Mom begins to berate the nanny about a long list of tasks, most of them not related to child care, another common complaint of working nannies. She adds insult to injury and tells the nanny that she will not pay her for the week. The man at the next table casts a few furtive glances over at our actors but mostly buries his head further and further into newspaper.
Finally mom lost her temper completely.
"I pay you to do what I ask you to do. Do you hear me? Do you hear me?!" she exclaimed, and then grabbed the nanny by the arm. At this point the man at the next table simply turned his head away. He had been listening to the abuse for 15 minutes and never once intervened, even after the mother became physical.
The actors refused to give up even though the scenario was taking a toll on them. Mom began to scold the nanny because she forgot to bring a package to the coffee shop. The dressing down took on an ominous tone.
"I could just slap you across the face, because I'm so pissed off at you right now. You're useless and you're worthless," she yelled out.
A woman from across the room had finally had enough, "Whoa whoa whoa, don't call her worthless," she yelled back.
"It's none of your business," our actor said, egging her on.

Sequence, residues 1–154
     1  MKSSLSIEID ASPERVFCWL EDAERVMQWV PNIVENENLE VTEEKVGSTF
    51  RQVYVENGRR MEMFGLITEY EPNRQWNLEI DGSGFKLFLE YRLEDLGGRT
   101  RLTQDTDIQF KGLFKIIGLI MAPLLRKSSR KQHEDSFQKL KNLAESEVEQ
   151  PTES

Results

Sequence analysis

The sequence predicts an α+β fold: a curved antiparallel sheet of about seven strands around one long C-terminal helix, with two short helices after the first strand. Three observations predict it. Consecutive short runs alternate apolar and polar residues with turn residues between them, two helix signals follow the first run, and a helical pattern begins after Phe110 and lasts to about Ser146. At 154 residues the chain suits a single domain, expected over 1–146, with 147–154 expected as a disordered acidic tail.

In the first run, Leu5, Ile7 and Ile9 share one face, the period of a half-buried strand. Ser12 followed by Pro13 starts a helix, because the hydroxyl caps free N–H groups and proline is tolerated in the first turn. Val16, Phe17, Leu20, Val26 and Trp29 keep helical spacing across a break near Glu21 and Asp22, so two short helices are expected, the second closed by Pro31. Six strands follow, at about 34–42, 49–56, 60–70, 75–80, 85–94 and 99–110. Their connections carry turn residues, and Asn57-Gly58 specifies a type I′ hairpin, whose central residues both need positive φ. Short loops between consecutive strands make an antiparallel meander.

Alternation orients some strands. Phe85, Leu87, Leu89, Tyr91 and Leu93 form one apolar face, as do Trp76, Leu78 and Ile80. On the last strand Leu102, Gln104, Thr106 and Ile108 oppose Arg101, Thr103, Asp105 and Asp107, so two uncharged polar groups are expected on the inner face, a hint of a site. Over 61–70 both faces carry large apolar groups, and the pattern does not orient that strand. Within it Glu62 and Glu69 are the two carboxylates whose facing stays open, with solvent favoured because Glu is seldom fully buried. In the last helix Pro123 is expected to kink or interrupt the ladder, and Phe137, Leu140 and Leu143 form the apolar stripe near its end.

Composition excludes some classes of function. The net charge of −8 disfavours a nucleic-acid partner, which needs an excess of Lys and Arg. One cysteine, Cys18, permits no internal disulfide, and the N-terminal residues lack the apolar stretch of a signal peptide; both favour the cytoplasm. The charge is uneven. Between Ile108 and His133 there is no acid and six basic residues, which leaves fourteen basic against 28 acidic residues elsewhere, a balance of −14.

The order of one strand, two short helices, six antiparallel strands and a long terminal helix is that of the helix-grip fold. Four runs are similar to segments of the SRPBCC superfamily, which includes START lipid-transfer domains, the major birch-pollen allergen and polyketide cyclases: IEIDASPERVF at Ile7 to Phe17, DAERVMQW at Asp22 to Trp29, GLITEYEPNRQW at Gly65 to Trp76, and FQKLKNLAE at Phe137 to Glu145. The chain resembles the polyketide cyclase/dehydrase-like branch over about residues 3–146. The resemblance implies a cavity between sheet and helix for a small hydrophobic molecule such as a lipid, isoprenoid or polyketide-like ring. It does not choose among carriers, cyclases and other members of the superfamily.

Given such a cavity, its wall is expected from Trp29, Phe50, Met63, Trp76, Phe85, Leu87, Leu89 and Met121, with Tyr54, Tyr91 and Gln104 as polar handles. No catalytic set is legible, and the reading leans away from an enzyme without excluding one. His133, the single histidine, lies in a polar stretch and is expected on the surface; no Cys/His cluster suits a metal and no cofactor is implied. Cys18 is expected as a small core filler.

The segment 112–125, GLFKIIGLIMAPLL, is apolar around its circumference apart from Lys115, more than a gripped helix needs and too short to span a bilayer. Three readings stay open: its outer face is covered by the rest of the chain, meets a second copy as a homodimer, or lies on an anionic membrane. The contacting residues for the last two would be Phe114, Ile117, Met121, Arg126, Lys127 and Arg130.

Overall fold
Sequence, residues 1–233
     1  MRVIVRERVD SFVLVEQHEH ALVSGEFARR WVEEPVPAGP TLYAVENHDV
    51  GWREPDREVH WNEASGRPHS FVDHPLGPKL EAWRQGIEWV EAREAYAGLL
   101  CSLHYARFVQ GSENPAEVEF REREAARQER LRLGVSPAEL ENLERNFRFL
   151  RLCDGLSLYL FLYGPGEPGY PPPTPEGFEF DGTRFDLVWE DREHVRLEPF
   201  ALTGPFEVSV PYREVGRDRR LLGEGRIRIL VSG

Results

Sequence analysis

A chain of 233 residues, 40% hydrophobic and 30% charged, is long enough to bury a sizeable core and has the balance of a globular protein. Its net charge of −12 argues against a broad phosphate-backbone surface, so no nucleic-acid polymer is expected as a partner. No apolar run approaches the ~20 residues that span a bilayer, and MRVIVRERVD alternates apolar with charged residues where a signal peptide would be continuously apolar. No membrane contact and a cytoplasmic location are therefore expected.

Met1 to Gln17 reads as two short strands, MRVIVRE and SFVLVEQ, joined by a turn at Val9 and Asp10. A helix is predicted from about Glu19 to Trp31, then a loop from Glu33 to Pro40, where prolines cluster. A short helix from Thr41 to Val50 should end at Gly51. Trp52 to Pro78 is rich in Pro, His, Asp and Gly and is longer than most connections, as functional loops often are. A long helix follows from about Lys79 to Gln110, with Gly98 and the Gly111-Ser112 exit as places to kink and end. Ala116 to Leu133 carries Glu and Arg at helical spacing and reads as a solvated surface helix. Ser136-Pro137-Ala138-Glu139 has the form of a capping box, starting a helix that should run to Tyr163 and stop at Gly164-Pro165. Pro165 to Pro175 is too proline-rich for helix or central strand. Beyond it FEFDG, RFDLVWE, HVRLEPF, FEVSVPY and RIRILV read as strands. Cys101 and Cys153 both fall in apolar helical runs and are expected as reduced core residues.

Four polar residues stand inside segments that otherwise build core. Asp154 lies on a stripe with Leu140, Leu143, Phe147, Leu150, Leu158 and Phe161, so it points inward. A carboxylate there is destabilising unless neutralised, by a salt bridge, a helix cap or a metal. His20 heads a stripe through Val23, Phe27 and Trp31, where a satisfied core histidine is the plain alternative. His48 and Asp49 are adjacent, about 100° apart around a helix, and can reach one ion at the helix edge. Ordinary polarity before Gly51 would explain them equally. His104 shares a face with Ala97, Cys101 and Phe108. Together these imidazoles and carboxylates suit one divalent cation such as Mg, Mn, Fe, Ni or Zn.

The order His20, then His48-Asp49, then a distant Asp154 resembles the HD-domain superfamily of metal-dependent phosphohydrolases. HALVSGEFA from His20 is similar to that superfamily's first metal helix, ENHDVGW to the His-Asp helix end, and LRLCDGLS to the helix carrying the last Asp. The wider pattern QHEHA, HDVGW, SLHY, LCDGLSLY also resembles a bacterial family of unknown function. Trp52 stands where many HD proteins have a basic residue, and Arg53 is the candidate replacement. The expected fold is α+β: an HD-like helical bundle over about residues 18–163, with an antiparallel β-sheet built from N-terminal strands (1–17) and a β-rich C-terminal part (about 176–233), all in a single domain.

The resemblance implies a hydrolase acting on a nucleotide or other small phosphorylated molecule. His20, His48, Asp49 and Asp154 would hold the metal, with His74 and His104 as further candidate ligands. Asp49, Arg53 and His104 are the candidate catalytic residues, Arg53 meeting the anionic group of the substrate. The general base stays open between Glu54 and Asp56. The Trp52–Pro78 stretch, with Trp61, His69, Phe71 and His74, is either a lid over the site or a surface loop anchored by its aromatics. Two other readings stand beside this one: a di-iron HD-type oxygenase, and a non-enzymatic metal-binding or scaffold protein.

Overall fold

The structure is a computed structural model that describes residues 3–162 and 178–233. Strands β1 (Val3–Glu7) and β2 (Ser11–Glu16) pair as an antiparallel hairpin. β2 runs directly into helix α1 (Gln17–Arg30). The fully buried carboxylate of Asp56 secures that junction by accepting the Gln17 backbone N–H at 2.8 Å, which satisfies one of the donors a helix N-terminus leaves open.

The bystander walks over to the mother, "Then don't do it in a public place. You treat your employee like this? You're repulsive," she says and walks away.
We caught up with the woman outside and she was still reeling from the experience.
"I felt like she was getting abused, definitely," she said. "And then I felt like it was inappropriate to do that in front of other people. She's lucky that I didn't throw the coffee all over her computer and her and her little daughter."
For the two days we shot in Ozzie's Coffee, more than 250 people witnessed our scenario and we saw some incredible acts of generosity. One woman offered the actor playing our nanny her phone number so she could help her find another job. Another woman moved to action gave the nanny $40 to get home after she overheard the mother threatening not to pay her. But we were surprised at how few people actually got involved. Most would only respond after they were provoked or when the abusive employer left the scene.
Magee was not at all surprised that so few people directly intervened. "I think approaching the abuser is very difficult because one of the things going through people's minds is, what's the risk for me here if I confront this individual? And with an abuser, who is acting in a nasty way, we get concerned that we might be under threat if we confront that person."
We decided to take our experiment one step further and decided to see what would happen if the one doling out the abuse was a child. Our actors walk into Ozzie's Coffee, one a nanny, the other a little girl under her care. The nanny told the little girl to get off the phone, "I need to talk to you, you need to hang up now," she says. "My stupid nanny wants to talk to me, my stupid nanny," the little girl tells her friend on the phone and reluctantly hangs up.
So far no one intervened, so our young tyrant gave it another shot and began berating the nanny.
"My mom pays you to be a good nanny. If you weren't so worthless …" the little girl continued to berate her caretaker.